Friday, 6 March 2009
PUMA Ocean Racing approaching the scoring gate, on leg 5 of the Volvo Ocean Race, from Qingdao to Rio de Janeiro. Image copyright Rick Deppe/PUMA Ocean Racing/Volvo Ocean Race.
by Kenny Read (skipper)
Close but no cigar! Not literally, because we still have a few left over from Micky's (Michael Mueller/GER) baby shower...but figuratively.
After nearly 6000 miles of sailing the scoring gate was decided while going through a weather ridge about 500 miles from the scoring gate. Essentially Ericsson 4, Ericsson 3 and ourselves were lined up about one mile from each other ready for action. We took the leeward side expecting a large header. The breeze did head, but after a cloud literally came in and took Ericsson 4 away over the horizon in front of us. Ericsson 3 was next, off to about a 2 mile lead. Then il Mostro.
What ensued was a high speed port tack very wet reach, which had pretty much nothing in it. When we finally bailed out and started for the ice gate still 10 miles or so away from the scoring gate it was Ericsson 4 and Ericsson 3 who held on to nip us by almost exactly the amount they nudged us by at the ridge. A frustrating third, but I have said before and will say again - not for lack of trying. The boys aboard are in great spirits and we have preached a short memory. Time to concentrate on winning the gate at Cape Horn.
One thing that ceases to amaze me out here is the quickness of climate change. It seems like it went from sweating hot to four layer cold in about a day. Literally a day. We have a bit of a reprieve now, but we are in for an upwind slog for a couple days before we can get to some quick reaching to take us to the first ice gate. From there on it is anyone's guess.
Except for a few new cases of the ‘throw up and pooping flu’, all is well aboard. The bug has almost knocked off all of us by now. Slowly and painfully. Capey (Andrew Cape) and Justin (Justin Ferris) have been the latest victims. But studs that they are, they have not missed a watch or a weather download analysed. Very impressive because, to be honest, they both looked like crap. Both have turned the corner though. And since I share a bunk with Capey I can say that my time is probably right around the corner. I am hoovering vitamins and water to try and ward it off, as well as sleeping with my jacket as a pillow and not our regular camping pillow - one of life's little luxuries aboard the yacht. Really hope I can keep this illness at bay.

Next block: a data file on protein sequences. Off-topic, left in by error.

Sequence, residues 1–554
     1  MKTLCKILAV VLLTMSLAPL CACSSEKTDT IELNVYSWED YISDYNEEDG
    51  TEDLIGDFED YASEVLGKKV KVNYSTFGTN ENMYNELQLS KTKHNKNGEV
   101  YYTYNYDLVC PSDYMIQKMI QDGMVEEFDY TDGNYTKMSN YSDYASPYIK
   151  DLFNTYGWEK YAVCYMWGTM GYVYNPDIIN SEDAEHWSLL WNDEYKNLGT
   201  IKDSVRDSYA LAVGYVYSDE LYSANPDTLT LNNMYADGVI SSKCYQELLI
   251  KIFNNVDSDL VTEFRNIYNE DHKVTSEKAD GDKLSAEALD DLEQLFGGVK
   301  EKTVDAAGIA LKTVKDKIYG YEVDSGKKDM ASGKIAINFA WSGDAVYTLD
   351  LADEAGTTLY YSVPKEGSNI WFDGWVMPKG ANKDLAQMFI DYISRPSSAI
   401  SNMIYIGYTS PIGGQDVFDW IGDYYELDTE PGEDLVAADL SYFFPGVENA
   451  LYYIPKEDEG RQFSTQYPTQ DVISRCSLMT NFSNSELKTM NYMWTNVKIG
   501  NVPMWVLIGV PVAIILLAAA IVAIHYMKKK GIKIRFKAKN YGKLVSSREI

One funny thing...Jerry Kirby and I live in the northeast US in Newport, RI. Our friends and family emails to the boat routinely are full of phrases like ‘it is so miserable here because we have a foot of snow’ and, ‘you aren't missing out on anything by not being here because the weather sucks...’ You get the drift. He and I always get a chuckle when we get these notes. And we are sure that everyone has the best intentions, kind of like trying to share in weather misery with us. But to her credit my wife Kathy finally caught herself today and said something like... 'would like to complain about the weather etc but I realise you have been on a gutted out race boat with 11 guys for 20 days now and I don't think I have a leg to stand on’...
How true. So to all back home - for us - cosy up in front of the fire after taking a hot shower and have a glass of Shiraz - with a nice thick steak. I am pretty sure that was the dream I had last off watch anyway. All is well on il Mostro and the more miserable it is, will only make the wine and steak taste all the better in Rio.
Volvo Ocean Race